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Saturday, June 25, 2011

This Day in History- June 25th

Many interesting things occurred on this day in history- Virginia ratified the Constitution and officially became a US State in 1788,  the Battle of Big Horn or 'Custer's Last Stand' was fought in Montana in 1876, and the Korean War officially began in 1950.  In addition, "The Diary of Anne Frank" was published in 1947 and Michael Jackson sadly passed away two years ago today (2009).

But I wanted to focus on a very special event (depending on which side of the Atlantic you live on) which took place today that fits with the broader themes of Ants & Grasshoppers-- resilience, determination, and to never be discouraged or quit in the face of adversity or monumental hurdles, etc..  

Following is from History.com (in blue font):

"On this day in 1950, an American team composed largely of amateurs defeated its more polished English opponents at the World Cup, held in Belo Horizonte, Brazil. Dubbed the “Miracle on Green,” the game is considered one of the greatest soccer upsets of all time.

The English team at the time, known as the “Kings of Football,” boasted a record of 23 victories, 4 losses and 3 draws in the years since World War II ended. Its members were professional footballers culled from England’s domestic leagues. The Americans, by contrast, had lost their last seven international matches. Hastily assembled just days before the match against England, the U.S. team included a dishwasher, two mailmen, a teacher and a mill worker. The Belfast Telegram described them as “a band of no-hopers drawn from many lands,” ostensibly because some of the men were recent immigrants to the United States.

By the time the two teams squared off at Belo Horizonte, bookies had given the Brits 3-1 odds to take the World Cup, compared to 500-1 for the Americans. The newly appointed American coach, Bill Jeffrey, apparently agreed with them, telling a British reporter, “We have no chance.”

The game began with the Americans on the defense as the English assailed them with one clear shot on goal after another. The goalkeeper, Frank Borghi, a former minor league catcher who now drove a hearse in St. Louis, managed to tip each one.  Finally, with less than 10 minutes to go in the first half, U.S. midfielder Walter Bahr centered a ball from 25 yards out, and Haitian-born forward Joe Gaetjens scored with a diving header.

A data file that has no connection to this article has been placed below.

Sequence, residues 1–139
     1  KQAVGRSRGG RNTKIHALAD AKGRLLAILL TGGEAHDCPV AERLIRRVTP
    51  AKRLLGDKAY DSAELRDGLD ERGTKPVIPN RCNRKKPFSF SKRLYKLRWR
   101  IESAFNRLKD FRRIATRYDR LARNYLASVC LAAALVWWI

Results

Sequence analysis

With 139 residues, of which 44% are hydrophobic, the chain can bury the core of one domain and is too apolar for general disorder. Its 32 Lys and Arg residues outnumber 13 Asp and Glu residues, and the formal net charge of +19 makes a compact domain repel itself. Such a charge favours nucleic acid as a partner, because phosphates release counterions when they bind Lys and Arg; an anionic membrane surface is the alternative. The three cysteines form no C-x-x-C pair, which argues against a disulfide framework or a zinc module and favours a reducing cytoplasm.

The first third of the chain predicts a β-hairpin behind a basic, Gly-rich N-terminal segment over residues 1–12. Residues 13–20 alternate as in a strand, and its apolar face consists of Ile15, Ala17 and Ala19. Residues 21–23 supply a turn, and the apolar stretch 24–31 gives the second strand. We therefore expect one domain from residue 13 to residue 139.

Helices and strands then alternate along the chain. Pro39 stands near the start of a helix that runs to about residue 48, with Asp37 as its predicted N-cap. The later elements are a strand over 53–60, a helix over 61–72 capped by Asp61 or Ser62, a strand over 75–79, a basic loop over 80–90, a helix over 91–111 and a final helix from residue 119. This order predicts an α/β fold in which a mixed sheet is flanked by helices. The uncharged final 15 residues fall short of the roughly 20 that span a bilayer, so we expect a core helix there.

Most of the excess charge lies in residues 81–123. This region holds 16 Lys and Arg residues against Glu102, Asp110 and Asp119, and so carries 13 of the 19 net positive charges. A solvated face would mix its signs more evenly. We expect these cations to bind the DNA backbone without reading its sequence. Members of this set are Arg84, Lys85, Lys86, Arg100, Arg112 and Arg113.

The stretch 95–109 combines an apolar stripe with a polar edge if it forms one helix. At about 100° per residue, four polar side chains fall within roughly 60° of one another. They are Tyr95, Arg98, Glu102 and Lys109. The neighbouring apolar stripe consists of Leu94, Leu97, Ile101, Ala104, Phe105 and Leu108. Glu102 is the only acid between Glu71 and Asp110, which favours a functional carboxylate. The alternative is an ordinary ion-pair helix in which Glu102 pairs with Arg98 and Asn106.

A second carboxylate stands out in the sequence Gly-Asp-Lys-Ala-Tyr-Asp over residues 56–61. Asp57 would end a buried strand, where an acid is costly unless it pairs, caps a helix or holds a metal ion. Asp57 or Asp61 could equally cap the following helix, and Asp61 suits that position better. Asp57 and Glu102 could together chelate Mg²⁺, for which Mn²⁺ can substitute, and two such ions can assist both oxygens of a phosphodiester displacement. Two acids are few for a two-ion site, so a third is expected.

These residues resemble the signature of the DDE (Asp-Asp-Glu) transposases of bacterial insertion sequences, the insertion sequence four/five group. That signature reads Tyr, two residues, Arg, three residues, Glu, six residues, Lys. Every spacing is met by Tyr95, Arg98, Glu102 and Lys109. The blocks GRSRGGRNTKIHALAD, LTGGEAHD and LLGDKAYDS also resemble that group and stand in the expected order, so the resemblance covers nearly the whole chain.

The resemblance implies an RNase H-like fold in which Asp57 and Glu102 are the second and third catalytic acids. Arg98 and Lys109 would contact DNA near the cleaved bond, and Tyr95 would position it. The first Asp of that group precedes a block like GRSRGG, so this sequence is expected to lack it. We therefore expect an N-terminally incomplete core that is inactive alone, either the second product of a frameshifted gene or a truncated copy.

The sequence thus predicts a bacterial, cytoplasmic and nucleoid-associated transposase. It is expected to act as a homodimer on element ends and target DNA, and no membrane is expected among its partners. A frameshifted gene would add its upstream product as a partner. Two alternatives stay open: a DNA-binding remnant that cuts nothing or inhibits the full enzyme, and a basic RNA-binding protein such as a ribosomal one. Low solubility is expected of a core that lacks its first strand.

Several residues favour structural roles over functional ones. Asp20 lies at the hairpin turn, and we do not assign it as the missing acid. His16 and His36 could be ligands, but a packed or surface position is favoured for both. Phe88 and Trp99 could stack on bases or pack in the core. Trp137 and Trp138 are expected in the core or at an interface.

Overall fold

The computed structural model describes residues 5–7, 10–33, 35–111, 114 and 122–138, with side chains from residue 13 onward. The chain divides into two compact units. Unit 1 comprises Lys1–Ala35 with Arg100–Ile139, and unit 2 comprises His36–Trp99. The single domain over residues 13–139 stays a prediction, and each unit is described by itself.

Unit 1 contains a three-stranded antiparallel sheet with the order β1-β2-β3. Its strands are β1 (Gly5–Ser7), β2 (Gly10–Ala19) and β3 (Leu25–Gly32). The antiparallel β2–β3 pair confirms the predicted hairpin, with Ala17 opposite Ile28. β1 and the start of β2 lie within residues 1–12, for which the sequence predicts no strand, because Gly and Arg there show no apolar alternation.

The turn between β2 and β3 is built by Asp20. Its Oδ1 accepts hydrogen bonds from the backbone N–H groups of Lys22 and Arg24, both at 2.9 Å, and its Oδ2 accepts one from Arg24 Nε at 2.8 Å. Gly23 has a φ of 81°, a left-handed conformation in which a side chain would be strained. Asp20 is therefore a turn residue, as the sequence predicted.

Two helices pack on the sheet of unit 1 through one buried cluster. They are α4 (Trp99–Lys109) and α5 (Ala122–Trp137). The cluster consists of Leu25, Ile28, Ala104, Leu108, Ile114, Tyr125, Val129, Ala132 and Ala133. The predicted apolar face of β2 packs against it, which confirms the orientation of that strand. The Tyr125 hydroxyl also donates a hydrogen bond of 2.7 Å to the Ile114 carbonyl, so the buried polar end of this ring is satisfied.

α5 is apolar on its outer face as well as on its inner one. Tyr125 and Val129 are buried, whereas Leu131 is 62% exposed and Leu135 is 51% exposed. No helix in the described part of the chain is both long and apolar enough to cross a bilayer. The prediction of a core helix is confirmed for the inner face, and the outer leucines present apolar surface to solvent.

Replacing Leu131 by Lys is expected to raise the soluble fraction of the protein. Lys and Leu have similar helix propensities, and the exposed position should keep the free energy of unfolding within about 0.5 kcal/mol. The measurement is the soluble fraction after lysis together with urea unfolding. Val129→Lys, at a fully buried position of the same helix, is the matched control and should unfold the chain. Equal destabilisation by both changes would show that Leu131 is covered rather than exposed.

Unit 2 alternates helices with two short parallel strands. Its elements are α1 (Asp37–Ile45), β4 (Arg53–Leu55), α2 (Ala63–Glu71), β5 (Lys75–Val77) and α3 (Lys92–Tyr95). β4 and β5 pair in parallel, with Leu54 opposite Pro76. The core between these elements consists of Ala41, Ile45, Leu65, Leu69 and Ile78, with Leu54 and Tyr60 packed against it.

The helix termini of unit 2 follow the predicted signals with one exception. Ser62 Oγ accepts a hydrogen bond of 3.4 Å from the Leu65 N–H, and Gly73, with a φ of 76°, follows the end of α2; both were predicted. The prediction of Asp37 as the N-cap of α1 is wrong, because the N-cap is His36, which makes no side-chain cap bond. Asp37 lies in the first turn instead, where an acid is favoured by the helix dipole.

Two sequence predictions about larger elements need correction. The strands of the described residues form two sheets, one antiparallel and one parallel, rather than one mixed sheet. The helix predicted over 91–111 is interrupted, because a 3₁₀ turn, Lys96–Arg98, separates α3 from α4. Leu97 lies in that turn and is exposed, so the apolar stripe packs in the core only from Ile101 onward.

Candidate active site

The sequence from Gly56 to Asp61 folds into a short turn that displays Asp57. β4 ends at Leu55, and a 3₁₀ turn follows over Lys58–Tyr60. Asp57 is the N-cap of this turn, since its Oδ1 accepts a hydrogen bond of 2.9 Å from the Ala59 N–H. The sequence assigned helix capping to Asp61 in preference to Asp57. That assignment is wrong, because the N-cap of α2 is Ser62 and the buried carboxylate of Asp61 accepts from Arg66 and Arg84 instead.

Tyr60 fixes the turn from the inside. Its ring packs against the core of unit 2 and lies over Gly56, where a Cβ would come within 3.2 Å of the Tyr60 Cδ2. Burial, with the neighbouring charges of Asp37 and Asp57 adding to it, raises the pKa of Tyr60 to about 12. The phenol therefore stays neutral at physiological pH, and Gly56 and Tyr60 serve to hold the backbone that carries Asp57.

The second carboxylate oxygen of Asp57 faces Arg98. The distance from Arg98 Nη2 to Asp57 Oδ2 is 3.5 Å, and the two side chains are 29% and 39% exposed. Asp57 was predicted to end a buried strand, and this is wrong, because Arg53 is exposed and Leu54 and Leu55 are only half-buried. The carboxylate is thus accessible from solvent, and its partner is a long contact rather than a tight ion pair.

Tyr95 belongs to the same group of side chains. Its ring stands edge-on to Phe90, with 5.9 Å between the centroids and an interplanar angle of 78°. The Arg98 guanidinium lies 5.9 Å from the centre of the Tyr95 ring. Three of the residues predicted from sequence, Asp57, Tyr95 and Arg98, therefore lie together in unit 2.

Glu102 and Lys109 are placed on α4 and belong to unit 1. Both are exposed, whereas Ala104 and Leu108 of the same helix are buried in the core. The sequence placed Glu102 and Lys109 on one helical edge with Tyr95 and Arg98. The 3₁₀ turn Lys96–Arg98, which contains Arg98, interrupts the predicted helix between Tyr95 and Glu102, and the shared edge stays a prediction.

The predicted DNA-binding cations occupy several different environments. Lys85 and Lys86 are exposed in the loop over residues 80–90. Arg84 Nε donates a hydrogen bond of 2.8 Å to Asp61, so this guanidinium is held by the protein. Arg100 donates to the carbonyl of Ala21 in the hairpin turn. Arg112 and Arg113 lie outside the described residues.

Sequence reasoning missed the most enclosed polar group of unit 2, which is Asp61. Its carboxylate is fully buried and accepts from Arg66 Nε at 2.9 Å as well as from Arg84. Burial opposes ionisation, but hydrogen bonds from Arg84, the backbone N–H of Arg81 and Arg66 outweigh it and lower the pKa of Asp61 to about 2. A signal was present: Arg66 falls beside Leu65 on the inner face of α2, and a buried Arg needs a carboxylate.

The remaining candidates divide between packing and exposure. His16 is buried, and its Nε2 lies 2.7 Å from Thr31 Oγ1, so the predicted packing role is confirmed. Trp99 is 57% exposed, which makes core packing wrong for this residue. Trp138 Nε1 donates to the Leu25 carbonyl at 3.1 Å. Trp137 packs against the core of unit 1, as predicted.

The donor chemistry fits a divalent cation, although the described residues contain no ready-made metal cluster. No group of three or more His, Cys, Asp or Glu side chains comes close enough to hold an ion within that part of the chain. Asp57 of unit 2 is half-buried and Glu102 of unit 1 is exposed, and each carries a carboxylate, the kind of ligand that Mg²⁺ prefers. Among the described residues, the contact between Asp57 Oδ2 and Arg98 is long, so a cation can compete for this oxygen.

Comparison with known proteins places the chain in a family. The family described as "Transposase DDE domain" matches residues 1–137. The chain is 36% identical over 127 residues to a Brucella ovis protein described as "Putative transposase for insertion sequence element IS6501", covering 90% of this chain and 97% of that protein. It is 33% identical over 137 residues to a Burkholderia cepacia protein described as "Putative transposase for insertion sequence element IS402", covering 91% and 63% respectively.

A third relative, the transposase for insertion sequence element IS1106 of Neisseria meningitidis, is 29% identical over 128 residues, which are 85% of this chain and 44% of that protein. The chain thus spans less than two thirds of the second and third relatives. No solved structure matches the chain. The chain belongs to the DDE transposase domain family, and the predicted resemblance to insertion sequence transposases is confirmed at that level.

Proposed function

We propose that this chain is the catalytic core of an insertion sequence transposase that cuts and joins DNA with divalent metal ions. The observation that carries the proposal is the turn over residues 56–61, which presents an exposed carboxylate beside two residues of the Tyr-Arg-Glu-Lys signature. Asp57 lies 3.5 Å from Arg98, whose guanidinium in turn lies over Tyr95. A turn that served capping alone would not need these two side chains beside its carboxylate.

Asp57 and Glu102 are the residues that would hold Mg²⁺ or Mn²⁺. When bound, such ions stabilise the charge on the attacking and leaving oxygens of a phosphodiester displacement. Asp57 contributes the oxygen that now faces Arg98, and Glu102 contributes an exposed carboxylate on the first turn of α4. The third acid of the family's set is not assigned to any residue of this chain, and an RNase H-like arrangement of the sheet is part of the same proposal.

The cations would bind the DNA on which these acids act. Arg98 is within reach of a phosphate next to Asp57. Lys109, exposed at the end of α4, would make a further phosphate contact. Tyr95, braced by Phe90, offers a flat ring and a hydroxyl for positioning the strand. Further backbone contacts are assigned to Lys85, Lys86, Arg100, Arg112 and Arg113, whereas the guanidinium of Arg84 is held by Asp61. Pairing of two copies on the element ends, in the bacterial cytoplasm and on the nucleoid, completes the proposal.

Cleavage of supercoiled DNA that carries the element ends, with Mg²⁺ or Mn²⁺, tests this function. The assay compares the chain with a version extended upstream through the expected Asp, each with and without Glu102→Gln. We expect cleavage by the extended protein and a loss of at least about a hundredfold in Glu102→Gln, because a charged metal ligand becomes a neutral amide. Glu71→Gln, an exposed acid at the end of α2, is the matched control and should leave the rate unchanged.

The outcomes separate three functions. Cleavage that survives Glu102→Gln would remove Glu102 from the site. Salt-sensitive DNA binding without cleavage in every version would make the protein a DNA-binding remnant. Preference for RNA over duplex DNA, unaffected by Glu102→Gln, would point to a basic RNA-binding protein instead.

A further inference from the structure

England lashed back with a battery of shots throughout the second half, but nothing got past Borghi. The no-hopers had defeated the Kings of Football with a single goal. The 30,000 Brazilians in the stands went wild, knowing that a British loss could help their own team fare better in the tournament. Gaetjens, who would later return to Haiti and disappear during Fran├žois Duvalier’s repressive regime, was carried off the field in celebration.

Appalled English fans could not fathom that the Americans had beaten them at their own game. In the United States, meanwhile, the improbable win barely made a ripple. Only one American journalist had traveled to Brazil for the World Cup in the first place: Dent McSkimming of the St. Louis Dispatch, who paid his own way when his newspaper would not send him. He later said that the American victory was “as if Oxford University sent a baseball team over here and it beat the Yankees.”...

After the upset, both teams were quickly eliminated and returned to their respective sides of the Atlantic–the Brits chastened, the Americans essentially ignored. It would be 16 years before England won its first and only World Cup title. The United States, meanwhile, would not even appear in the tournament again until 1990."

No matter what happens with the global economy; the soulless bankers, corrupt politicians and Evil money-junkies in the markets in collusion... no matter how bad things seem or are in reality, the human spirit rises.  It overcomes, and achieves great things.  As individuals.. as family.. as communities, people who take control of their lives, prepare for the future and are not intimidated by the unknown-- they are Winners.

Tulips shall always grow ~

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